Using Social Media as part of a Curatorial Traineeship

This post is another in our series of presentation write-ups from the 2015 NatSCA Conference, Museums Unleashed!


It felt like I was up there for hours when it was happening, but then it was over with a massive sense of relief. That’s how I’d summarise my first presentation in front of fellow NatSCA conference attendees.

We (myself and another two Natural Science Curatorial Trainees, Glenn and Lukas) had been asked to prepare a talk fitting with the conference theme of ‘Museums Unleashed’.  The conference was to focus on sharing collections using digital platforms, television and other forms of media, so we decided to present on our own use of Social Media throughout the 12 months of our Traineeships.

The presentation we came up with explored our use mainly of Twitter and WordPress throughout our year (other social media platforms are available), which we used to document our experiences and engage with the wider museum community. We were able to speak about things such as how fun Social Media can be when it’s used well, and how good of a platform it can be to engage with members of the public in order to (hopefully) dispel some of the myth about museums being so exclusive.

Presenting in full flow! (Image from Clare Brown @CuratorClare)

Presenting in full flow! (Image from Clare Brown @CuratorClare)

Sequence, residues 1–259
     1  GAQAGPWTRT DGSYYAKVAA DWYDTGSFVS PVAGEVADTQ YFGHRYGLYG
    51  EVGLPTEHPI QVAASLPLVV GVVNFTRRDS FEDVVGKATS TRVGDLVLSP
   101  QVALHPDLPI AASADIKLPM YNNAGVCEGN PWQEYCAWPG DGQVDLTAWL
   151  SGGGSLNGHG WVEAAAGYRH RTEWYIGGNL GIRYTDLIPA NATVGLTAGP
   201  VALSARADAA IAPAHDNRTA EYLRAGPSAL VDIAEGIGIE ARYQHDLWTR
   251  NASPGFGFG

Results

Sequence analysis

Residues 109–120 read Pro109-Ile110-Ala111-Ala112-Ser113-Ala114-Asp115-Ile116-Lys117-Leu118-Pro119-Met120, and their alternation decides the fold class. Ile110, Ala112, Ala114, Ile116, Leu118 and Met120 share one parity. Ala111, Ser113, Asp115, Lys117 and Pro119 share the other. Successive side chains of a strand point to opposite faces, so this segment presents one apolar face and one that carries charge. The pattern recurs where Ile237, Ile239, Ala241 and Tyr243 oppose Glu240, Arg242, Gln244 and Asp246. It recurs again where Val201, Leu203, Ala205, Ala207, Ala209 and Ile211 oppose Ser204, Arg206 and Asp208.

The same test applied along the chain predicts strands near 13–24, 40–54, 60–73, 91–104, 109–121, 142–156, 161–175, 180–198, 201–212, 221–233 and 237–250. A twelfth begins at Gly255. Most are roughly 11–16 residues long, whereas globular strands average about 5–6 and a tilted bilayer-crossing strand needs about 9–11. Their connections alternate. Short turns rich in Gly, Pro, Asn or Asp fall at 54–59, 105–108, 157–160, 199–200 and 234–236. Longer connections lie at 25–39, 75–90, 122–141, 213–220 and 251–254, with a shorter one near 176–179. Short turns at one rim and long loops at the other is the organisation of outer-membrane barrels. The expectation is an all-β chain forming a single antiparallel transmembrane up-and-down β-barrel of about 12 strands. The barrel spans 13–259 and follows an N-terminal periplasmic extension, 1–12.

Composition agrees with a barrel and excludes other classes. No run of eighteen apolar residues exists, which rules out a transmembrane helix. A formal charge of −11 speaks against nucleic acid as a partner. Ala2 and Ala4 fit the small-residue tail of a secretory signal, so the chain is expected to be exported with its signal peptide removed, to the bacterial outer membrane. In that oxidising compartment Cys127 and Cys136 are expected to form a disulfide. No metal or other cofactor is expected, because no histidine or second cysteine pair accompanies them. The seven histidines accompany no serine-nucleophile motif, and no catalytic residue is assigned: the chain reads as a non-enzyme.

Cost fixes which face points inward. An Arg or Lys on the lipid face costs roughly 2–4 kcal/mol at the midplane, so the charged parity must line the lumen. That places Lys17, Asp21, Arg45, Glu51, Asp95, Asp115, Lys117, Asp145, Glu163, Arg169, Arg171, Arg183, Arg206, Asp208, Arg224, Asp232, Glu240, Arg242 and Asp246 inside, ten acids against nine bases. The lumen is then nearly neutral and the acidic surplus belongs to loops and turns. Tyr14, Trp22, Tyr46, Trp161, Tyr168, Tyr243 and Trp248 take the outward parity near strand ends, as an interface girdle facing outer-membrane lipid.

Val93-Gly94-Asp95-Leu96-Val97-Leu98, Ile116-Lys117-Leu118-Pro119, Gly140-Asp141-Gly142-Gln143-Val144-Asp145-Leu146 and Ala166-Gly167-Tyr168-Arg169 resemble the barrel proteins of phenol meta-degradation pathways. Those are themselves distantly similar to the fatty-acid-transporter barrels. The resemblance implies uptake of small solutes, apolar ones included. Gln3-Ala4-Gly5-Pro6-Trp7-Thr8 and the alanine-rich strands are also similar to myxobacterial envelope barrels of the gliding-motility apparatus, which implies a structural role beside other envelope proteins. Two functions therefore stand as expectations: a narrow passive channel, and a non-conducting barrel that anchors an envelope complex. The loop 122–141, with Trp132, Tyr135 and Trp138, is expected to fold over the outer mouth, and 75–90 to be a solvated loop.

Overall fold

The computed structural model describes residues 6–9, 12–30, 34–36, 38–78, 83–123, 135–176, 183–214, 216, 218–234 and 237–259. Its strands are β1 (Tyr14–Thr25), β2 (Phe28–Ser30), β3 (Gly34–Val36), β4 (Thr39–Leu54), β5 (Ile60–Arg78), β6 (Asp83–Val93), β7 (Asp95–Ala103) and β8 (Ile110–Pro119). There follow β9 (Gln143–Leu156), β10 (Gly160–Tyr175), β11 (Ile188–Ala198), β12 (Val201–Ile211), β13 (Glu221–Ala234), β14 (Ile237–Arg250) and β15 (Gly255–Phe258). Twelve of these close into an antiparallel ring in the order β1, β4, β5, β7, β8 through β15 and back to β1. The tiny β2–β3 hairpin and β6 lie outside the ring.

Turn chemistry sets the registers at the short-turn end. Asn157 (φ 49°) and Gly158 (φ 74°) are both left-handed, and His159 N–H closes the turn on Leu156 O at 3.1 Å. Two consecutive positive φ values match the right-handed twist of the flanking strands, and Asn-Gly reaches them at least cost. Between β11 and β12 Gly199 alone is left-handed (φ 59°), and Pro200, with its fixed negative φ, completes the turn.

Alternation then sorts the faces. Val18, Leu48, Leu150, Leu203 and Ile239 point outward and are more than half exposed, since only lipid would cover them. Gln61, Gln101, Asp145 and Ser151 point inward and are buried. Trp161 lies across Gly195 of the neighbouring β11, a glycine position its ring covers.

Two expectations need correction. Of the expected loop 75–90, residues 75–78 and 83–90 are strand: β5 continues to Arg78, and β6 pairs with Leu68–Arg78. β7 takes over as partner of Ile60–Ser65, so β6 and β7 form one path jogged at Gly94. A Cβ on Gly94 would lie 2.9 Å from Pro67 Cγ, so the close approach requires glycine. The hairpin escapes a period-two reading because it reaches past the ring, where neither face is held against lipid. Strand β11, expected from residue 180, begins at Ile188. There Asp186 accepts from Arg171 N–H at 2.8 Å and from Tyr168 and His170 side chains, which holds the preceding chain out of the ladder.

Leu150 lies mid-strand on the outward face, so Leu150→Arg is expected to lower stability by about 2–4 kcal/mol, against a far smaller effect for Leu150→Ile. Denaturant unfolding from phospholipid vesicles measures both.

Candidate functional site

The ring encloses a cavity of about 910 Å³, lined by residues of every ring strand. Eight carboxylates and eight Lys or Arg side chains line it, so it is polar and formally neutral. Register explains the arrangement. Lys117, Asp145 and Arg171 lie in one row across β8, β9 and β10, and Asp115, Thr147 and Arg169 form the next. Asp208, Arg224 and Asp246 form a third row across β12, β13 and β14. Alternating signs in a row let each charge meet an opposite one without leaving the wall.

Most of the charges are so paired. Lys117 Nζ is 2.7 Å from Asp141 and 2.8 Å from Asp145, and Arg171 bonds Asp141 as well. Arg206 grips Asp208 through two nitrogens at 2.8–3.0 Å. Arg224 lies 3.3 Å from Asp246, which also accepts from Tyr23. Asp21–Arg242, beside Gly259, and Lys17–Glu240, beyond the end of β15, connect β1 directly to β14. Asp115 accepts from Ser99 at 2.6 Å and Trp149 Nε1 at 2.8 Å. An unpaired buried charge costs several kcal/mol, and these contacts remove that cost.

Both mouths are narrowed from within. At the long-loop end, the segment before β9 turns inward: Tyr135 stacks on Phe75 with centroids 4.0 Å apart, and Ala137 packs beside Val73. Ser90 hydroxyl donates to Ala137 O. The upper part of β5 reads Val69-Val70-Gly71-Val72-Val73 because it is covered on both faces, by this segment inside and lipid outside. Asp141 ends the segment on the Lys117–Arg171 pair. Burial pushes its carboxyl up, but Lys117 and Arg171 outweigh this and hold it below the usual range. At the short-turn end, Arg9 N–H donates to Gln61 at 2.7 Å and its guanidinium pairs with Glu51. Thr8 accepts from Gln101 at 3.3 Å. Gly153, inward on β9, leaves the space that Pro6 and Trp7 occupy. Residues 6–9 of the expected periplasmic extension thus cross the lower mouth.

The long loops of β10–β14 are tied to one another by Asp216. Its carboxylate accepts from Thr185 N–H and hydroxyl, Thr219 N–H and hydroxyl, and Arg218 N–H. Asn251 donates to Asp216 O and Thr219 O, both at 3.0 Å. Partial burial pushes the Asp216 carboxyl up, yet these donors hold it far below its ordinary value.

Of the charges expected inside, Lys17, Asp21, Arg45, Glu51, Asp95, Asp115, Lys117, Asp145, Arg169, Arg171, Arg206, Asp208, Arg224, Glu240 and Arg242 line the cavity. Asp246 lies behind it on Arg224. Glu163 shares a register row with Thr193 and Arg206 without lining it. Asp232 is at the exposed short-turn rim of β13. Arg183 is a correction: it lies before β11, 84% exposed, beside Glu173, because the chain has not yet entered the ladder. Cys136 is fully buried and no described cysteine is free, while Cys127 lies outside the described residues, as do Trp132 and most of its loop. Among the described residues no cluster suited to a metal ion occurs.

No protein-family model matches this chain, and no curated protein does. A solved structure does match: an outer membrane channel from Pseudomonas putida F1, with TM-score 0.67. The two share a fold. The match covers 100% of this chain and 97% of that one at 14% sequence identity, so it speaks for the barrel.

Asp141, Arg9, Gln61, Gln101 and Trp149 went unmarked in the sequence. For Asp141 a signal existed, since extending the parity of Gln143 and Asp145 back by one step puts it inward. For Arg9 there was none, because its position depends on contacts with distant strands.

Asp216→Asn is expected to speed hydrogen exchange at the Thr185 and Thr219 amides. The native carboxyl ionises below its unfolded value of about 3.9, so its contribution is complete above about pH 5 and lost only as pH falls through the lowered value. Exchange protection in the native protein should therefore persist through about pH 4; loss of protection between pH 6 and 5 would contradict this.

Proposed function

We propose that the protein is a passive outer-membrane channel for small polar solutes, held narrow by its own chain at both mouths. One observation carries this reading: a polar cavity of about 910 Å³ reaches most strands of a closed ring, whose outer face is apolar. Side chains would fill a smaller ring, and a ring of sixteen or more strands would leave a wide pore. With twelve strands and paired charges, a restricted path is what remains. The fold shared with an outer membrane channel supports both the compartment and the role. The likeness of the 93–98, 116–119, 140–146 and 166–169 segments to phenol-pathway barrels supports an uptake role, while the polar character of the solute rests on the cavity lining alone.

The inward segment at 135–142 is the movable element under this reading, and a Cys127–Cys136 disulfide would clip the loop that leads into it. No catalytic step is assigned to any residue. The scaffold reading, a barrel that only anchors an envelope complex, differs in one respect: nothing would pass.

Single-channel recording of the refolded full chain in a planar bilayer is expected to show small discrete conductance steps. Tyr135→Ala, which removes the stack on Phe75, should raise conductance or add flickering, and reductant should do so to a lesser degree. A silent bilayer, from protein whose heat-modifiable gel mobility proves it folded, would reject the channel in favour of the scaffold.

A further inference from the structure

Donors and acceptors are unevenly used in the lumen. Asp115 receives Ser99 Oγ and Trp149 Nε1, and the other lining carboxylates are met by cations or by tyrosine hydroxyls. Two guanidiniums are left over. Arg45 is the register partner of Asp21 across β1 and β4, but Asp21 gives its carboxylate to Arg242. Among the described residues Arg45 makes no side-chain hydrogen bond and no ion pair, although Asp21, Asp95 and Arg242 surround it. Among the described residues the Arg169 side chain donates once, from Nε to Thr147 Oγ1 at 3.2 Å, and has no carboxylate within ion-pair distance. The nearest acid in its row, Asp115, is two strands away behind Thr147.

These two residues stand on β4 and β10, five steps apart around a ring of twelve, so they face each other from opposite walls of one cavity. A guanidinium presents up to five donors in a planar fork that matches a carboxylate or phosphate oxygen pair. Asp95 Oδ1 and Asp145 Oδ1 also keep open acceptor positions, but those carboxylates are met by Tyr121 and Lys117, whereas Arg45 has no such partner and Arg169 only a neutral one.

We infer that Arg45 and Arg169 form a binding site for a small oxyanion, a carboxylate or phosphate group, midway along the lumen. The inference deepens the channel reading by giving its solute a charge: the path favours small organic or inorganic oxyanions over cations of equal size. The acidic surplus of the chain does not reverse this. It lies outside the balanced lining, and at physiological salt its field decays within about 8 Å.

We also got to speak about how Social Media (from our perspective as trainees) could be used for our host museums. For example, showing the support of an institution or organisation for a trainee by letting them be there, working with collections and allowing them to further advocate said collections.

Our presentation allowed us to touch on some things that can make Social Media a challenge too, such as building a following. This can be difficult, especially when trying to expand outside the ‘Museum bubble’ – it can be hard to find those who may be interested in a particular discipline or hashtag.

Finally, I would like to take this opportunity to thank everyone at the conference who gave us great positive feedback about our talk, as especially for myself being so nervous, it was great to hear I wasn’t a complete mumbling wreck! And thanks again to NatSCA and its members for its support of myself, and my fellow trainees whom it has helped support over the years of the HLF Skills for the Future


Adam Peel, Curatorial Trainee Natural Science, 2014 – 2015

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